Game Review: Butts In Space

Here at Gaming With Sidekicks, we enjoy the finer things in life. We consider ourselves intellectual board gamers who can marvel at elegant mechanics, beautiful aesthetics, and captivating game play experiences. We talk about the weight and co

mplexity of interactions and point out when a game has simplistic beauty. However… there’s not much that’s better than a good butt joke. And when you live in a house with boys that are 6, 4, and 3 years old, bathroom humor goes a long way. Let’s play Butts In Space!

Butts In Space
Publisher: The Dusty Tophat

You start the game by taking on the role of one of the four members of the Butt family. My favorite is Classy Butt. Over the course of the game, you will play sets of Toilet Paper (TP) of varying rarities and point values. To play a set of TP (3 commons, 2 rares, or 1 mythical) all TP cards must have a symbol that matches the symbol on the top of your Butt character card. The player that has the most points in terms of TP sets when the 7th toilet-shaped spaceship is revealed will win the game.

There are action cards that can be played to force your opponent to discard cards, let you steal cards from their hand, or even steal already completed sets of TP. There are also action cards that will rotate all Butt character cards in front of different players. In this way, there is some strategy in trying to play sets that correspond to one Butt, before rotating the cards so that you can play another set of TP corresponding to a different Butt. I think my favorite action card is the protective Underwear that can protect your Butt from other actions your opponents might play.

At the start of each player’s turn, they will draw some number of cards. If a player draws one of the seven cards with parts for the toilet rocket ship, that card is set aside. Once all seven cards are drawn, the game ends. This is a fun way to make the end of the game a little more climactic. One player may be trying to draw cards to reveal the final part of the space ship and trigger the game’s end while other players are trying to get as many points as possible before the end of the game.

All of this comes together in a pretty smooth gameplay experience. All of the card text is very straight forward. The symbols and iconography are perfectly clear. Turns go pretty quick, so there isn’t much waiting even in a 4-player game.

Here’s the deal: you don’t buy Butts In Space unless you’re going to enjoy the theme. The action card showing a butt wearing a dress, titled Boob Butt, and the intentional misspelling of the Assteroids are just a few examples of the kind of humor found here. My children are unable to even talk about this game without giggling. Which, honestly, is the main reason we got it.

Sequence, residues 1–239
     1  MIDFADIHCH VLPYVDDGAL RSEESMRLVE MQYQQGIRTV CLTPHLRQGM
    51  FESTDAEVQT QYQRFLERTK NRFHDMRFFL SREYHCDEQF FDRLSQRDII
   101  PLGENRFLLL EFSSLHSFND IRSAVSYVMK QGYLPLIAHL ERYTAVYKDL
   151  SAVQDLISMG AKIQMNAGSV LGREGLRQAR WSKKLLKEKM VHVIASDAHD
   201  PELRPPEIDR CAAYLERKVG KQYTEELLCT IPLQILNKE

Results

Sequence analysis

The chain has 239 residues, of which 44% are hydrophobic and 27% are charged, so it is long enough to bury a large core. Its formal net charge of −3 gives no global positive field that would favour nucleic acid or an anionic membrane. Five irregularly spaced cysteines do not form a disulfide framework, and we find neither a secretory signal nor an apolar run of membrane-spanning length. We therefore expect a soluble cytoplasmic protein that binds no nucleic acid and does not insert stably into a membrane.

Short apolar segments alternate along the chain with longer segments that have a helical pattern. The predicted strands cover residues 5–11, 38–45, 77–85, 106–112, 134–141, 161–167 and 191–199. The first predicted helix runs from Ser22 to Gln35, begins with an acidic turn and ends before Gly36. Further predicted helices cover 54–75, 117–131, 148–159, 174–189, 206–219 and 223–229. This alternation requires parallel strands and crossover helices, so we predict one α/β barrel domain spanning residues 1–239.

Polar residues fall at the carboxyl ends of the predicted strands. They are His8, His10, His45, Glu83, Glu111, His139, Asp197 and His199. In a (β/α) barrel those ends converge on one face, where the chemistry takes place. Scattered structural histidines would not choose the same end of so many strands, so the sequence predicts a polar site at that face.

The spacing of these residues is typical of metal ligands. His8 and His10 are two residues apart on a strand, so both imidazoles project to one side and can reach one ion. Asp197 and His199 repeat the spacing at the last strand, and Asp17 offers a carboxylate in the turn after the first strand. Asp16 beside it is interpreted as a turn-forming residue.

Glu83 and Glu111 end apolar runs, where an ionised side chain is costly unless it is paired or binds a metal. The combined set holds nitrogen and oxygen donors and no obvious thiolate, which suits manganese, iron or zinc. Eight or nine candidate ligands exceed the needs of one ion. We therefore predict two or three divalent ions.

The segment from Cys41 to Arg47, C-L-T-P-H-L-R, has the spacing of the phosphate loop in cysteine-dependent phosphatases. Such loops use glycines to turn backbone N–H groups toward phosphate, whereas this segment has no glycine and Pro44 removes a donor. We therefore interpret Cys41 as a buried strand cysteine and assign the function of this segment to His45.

The various themes of TP cards are a lot of fun. There’s so much originality in the design of these rolls of toilet paper. Just seeing the different TP cards and their effects is half the fun of playing. It really makes you wonder why stores don’t sell Unicorn or Demon toilet paper.

This game is super easy to set up and play. The hardest part will be letting the kids decide which Butt they start with. Mine fought over the Kickstarter exclusive, metallic, Ro-Butt card. Seriously… there were almost tears because everyone wanted to be Ro-Butt.

One thing I love about set up is that the game length can be adjusted. If I know we don’t have much time for a game in between dinner and bedtime, I can just put all 7 ship parts in with half of the cards, shuffle them up, and play. I really like that kind of freedom in a game with kids.

There’s some basic reading, simple math, and making sure symbols on the card match. I help my 4 year old, but my 6 year old is perfectly capable of playing this on his own.

I guess it’s worth mentioning here. Parents, just be aware of the kind of humor in this game. While I understand these jokes aren’t for every family, this is all done in good fun. There’s nothing truly crude or vulgar here. Just Butts.

Final Thoughts:
I like it. It’s a perfect blend of casual strategy and humor. Because the game ends on its own time and players can’t just play a series of cards to instantly win, it allows you to play without bullying younger players, unlike games in a similar casual vein like Munchkin. My kids really enjoy Butts In Space. And since it’s just cards without any other kind of components, it makes it perfect to take on vacation or camping.

I’m sure my children will outgrow this one eventually, and we’ll be playing the latest super deluxe version of something that requires multiple play sessions and expansion packs. Then again, there’s nothing quite as timeless as a good butt joke.

If you want to know more about Butts In Space, head over to their Facebook page, and let them know. Or you can purchase the game straight from Amazon here!

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